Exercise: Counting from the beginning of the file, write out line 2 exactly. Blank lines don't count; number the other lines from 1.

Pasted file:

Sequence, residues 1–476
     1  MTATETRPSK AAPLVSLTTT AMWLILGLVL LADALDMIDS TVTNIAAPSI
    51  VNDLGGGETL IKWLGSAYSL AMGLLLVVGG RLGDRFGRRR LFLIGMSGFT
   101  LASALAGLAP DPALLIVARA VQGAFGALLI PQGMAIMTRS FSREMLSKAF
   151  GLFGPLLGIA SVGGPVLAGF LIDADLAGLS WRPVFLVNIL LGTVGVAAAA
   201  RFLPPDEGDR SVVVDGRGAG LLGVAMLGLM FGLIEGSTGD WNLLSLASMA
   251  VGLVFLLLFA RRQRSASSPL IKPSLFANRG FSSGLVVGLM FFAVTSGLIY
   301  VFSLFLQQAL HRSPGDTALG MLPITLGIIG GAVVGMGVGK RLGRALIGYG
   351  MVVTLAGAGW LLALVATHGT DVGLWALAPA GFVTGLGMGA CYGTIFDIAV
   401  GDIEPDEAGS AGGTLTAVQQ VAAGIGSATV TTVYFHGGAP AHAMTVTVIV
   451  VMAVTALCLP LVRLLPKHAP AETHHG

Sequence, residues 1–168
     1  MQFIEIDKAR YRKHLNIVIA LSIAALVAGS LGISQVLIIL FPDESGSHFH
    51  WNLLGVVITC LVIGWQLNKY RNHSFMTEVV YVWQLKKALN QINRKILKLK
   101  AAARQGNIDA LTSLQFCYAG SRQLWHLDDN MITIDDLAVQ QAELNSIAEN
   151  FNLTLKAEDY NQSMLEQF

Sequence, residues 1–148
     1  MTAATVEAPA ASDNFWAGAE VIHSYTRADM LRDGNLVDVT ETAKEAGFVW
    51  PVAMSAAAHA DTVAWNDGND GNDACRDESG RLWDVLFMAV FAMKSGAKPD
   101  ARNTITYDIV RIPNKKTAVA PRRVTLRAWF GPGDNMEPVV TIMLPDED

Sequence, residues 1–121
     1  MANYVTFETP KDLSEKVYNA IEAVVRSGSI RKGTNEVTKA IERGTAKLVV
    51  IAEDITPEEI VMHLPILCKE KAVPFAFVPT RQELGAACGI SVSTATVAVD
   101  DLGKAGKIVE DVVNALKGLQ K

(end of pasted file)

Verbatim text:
     1  MTATETRPSK AAPLVSLTTT AMWLILGLVL LADALDMIDS TVTNIAAPSI